How To Be Set Free From Your Alcoholic’s Addiction


As children neighborhood kids would play cops and robbers. When the sheriff would catch a robber the routine was to tie the bandit up with a rope.

This included hands and feet. It was always a great time when as the robber you succeeded in breaking loose from the sheriff’s ropes.

The secret to wiggling out of the ropes was to find any amount of loose rope and work on it until free.

In the relationship with your alcoholic you may feel like your hands and feet are bound.

It may seem impossible to do anything about your situation.

As in my cops and robber days, I would recommend you consider these suggestions as part of getting free from your rope.

Improve your choices

Much of life with your alcoholic can be characterized as ‘out of control’.

Not that you want it to be, but it is because of what alcoholism does in your relationship.

One of the problems in efforts to break free from this out of control cycle is what I call all or nothing thinking.

This is where you think the choice is only between two alternatives.

It’s black or white, good or bad or even right or wrong.

When you think in all or nothing you miss all of the choices in between.

There are many shades of gray.

The more you are able to examine a variety of choices the better chance you’ll find a workable option.

Take time to think

Stress is the name of the game with your alcoholic.

If your like most people it’s very easy to react to situations.

Later, after you’ve had time to think about it, you may wish you had said or done something different.

I’m going to give you a tool to use it’s called S.T.A.R.

The S stand for STOP.

The first thing you have to do is stop yourself from acting on impulse.

Once you’ve successfully stopped the next step is to THINK.

Consider what just happened. Examine your choices. Generate lots of them before you choose.

The third step is to ASSESS. This means you take the choices you’ve thought about and evaluate them.

When you’ve come up with the best one the fourth step is to RESPOND.

You’ve just made a decision based on sound reason. You’ll
find these choices work much better than impulse decisions.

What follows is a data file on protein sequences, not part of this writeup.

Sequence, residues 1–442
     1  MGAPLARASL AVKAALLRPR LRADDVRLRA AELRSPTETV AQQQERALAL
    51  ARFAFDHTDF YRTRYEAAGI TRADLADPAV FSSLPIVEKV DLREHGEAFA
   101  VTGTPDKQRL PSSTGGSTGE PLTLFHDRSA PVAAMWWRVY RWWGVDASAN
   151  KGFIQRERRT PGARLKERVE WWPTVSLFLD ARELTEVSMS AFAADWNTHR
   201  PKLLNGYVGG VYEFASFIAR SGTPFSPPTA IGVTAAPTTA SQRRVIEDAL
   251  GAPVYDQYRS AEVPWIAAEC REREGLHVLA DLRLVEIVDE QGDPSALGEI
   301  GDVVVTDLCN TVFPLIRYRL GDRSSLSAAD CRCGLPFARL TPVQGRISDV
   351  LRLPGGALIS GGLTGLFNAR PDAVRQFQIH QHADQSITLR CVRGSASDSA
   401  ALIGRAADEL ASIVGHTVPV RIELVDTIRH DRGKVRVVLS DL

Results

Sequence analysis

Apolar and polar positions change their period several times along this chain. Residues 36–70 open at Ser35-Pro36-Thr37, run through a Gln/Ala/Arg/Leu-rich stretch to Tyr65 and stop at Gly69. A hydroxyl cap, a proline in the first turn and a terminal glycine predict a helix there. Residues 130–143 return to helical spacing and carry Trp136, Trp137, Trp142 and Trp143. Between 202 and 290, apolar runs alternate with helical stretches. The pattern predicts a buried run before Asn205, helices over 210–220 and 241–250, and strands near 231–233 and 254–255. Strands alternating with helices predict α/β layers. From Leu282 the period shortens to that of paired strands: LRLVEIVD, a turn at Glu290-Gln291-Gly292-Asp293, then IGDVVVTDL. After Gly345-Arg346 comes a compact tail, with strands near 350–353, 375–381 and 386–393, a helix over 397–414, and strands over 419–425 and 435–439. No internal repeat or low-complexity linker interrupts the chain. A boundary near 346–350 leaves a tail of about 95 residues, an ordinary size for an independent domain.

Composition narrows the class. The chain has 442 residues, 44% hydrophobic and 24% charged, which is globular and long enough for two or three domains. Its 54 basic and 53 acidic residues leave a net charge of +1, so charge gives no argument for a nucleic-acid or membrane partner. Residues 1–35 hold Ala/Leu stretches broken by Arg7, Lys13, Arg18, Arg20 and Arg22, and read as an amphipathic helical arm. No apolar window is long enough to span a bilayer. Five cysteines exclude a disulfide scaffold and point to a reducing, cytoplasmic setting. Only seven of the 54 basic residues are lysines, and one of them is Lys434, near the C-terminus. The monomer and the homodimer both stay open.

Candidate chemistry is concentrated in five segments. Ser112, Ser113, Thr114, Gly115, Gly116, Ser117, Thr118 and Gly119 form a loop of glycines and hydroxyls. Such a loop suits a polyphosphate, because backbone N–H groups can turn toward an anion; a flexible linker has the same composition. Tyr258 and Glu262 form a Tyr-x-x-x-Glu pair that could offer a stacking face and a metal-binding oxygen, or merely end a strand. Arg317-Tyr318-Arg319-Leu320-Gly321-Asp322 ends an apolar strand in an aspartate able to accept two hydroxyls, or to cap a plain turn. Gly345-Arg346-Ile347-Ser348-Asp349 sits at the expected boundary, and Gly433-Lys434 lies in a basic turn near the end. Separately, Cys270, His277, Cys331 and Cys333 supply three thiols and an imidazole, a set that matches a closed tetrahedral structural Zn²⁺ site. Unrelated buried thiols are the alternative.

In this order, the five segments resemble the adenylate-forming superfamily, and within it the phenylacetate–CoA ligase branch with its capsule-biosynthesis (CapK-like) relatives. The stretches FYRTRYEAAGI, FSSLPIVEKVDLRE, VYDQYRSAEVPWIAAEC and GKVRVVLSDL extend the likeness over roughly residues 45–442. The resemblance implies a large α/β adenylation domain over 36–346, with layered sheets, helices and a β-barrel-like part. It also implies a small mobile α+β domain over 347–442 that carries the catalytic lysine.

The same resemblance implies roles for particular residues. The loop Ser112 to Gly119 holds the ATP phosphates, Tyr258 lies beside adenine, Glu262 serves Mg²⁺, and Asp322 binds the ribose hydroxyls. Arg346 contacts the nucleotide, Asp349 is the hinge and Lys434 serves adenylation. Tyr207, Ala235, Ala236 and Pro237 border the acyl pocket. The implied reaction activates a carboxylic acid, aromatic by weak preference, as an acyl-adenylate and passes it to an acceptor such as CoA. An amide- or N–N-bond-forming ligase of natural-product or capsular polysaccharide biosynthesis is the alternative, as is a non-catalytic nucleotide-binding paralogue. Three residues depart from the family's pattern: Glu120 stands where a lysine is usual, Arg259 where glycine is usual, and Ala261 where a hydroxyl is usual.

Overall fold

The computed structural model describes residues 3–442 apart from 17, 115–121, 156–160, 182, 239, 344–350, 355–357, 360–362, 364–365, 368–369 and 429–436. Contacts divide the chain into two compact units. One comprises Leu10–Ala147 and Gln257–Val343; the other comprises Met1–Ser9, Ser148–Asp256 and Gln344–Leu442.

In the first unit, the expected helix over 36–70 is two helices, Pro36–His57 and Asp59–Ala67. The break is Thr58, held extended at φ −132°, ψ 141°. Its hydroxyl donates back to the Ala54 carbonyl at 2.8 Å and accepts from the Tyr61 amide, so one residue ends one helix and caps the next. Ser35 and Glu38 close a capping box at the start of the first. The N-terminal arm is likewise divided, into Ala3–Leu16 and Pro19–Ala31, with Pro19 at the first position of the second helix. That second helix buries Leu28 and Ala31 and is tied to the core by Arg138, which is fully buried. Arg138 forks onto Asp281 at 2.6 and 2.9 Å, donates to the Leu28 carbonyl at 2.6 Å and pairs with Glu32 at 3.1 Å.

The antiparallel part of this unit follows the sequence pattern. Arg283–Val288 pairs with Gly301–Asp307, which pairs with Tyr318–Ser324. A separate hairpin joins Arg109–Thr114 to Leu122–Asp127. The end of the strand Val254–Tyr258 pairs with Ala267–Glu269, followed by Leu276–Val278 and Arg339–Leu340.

Give up revenge

You’ve so many reasons to be angry with your alcoholic.

It’s not unreasonable you might even want a little revenge.

The adage says revenge is sweet.

I would like to qualify that revenge doesn’t take away the hurt inflicted by your alcoholic’s behavior.

The only way to do that is to heal from your hurt.

Revenge will always leave you empty.

You need to find a way to forgive your alcoholic. This is one of those loose ends of the rope. When you find it and use it you are truly set free.

In what ways have you been set free from your alcoholic’s behaviors? Share with us in the comment section below.


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Here’s What 16 Other People Thought...

  1. Louise

    Amazing. Yet again you give advice as though it were meant for me only. This week I lost my temper. I’ve been trying to find a tool I can use to prevent this from happening. Thank you. Don’t ever stop what you are doing! X

    • FreeMyAddict Team

      Thanks Louise. I’m glad the article’s helpful.

  2. robin

    I totally agree with the abandon of revenge un forgiveness hurts me worse than anyone else . I like the star tool thanks

    • FreeMyAddict Team

      Revenge is so deceptive. It’s like taking a stab with a knife but you’re holding the blade. Thanks for your comment Robin.

  3. Charlene

    By listening to my own strength within…. The power of our Lord…. Taking better care of myself….Enjoying life to change myself…Building my confidence.. Enjoy our grandson that is such a gift…. To live my life like it’s going to be my last day…. Laugh: Put up my walls when I need too… Set boundaries…..

    • FreeMyAddict Team

      Wow, Charlene, what great steps your taking! It really isn’t all about your alcoholic… You count! Thanks for your comment.

  4. Dee

    I forgive him logically, but I am still disappointed and hurt. Does that mean I haven’t forgiven him in my heart?

    • FreeMyAddict Team

      When you forgive him you no longer hold what he did (or does) against him. You learn to let it go and attribute it to the illness. It doesn’t mean you’re not hurt and disappointed. Your hopes and dreams may be shattered. Hurt is an appropriate response. Hurts heal… over time when you take care of yourself.
      Thanks for your comment Dee, I’m sure others feel exactly like you.

  5. LorriT

    I really needed this one because I have done the revenge thing in the past and it is just like the article says, it did not make the pain go away.